After a rather lackluster start to the new season, the international break arrived as either a blessing or a curse. With a new manager, new tactics and several new faces in tow, a two week secession of action may not prove fruitful for Eusebio Di Francesco as he continues to try an instill his brand of attacking football in the eternal city. The flip side of the international break is simply that it gave Roma’s walking wounded a fortnight to recover, as evidenced by the returns of Bruno Peres and Rick Karsdorp to training this week.
The rubber will meet the road Saturday when Roma heads north to take on the suddenly Shick-less UC Sampdoria. Despite losing their prize cow, Samp is actually off to the better start in Serie A between these two sides, taking all six points while scoring four goals in the process.
Sampdoria v. Roma: September 9th, 20:45 CET/2:34 EDT. Stadio Luigi Ferraris, Genoa.
With that mind, I offer you a truncated look at Saturday’s already crucial fixture.
Whose Roma is This?
Through the first two weeks, as well as the summer PR tour in the states, Roma looked very much like a Spalletti team jammed into an EDF bottle; the parts where the same, but the engine just wasn’t humming. Through the first 50 to 60 minutes of the Inter Milan fixture, it seemed as though EDF had already silenced his critics. With Diego Perotti taking creative control and Rajda Nainggolan bossing the midfield, Roma was swift and clinical, making mincemeat of Spalletti’s defence, dominating space and creating chances. The unfortunate part, you may recall, was those chances all hit the hard face of reality, a/k/a the woodwork.
If even one of those had found their way through, we’re looking at an entirely different match, and if Juan Jesus wasn’t woefully miscast as a rightback, Roma may not have been in a place to conceded to begin with. But that’s what happened. Deal with it.
All of that leaves EDF and Roma in a pretty precarious position heading into this match and the season in general. To date, EDFs Roma is far less than the sum of its parts, leaving many to question how long the former Giallorossi midfielder can withstand the crushing pressure of leading this team. However, as we just mentioned, we caught an extremely exciting glance of what might be two weeks ago against Inter, and now we can add Patrik Schick, as well as the healthy returns of Alessandro Florenzi, Peres and Karsdorp to the mix.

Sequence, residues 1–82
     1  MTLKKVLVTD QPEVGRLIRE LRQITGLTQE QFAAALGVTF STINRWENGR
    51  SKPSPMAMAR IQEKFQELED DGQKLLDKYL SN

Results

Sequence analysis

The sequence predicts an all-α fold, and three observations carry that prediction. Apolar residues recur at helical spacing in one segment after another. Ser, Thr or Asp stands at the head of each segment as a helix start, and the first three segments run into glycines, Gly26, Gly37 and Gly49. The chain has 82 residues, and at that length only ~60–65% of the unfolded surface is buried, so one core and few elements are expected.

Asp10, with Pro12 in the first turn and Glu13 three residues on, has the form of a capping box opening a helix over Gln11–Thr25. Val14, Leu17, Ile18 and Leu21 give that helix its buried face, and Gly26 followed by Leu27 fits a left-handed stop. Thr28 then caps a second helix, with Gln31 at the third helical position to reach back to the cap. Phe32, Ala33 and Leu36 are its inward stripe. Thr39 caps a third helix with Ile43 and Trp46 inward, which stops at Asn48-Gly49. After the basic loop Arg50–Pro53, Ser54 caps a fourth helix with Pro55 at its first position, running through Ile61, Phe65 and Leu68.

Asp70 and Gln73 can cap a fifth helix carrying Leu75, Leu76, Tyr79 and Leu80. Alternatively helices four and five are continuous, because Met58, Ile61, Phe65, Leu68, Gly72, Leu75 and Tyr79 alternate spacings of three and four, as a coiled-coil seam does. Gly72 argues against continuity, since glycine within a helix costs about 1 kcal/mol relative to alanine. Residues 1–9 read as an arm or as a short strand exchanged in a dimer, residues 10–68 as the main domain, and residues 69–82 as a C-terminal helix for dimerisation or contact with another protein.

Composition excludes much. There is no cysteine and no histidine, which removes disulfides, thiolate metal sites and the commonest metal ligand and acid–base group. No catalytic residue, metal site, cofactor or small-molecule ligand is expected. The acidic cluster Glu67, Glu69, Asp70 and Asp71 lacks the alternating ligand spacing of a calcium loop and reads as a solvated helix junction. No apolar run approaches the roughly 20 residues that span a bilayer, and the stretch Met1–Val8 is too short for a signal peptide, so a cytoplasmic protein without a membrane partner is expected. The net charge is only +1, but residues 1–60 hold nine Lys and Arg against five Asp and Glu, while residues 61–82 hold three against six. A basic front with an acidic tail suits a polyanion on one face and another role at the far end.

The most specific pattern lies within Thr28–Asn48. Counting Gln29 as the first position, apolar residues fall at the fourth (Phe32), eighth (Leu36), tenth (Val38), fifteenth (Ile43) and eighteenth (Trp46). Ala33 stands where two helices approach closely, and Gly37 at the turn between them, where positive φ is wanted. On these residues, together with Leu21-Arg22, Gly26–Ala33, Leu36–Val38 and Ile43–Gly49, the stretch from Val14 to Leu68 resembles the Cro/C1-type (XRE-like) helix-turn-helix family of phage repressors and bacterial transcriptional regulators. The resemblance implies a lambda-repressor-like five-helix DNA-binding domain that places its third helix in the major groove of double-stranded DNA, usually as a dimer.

It’s been said that this Roma may be the deepest set we’ve seen in well over a decade, yet somehow, despite that depth, the starting XI isn’t quite as cutting as it was last season. Generally speaking, I’d agree with this opinion—Salah and Rudiger have proven remarkably hard to replace thus far—but the club’s lack of depth was ultimately their undoing last season.
So what’s the better hangover cure, Spalletti’s tall latte (lots of creamy and delicious foam at the top but not much of a kick underneath it) or EDFs cappuccino (well balanced throughout despite the lack of a showstopper on top)?
Personally, I love all espresso drinks, but Roma can’t afford to be indecisive. They need to find the proper balance between depth and delight.
As far as the actual match selections are concerned, it seems a safe bet EDF will continue with the same XI we saw on opening day, though it will be interesting to see how he utilizes Stephan El Shaarawy now that Shick is on board; who is Roma’s sixth man, so to speak?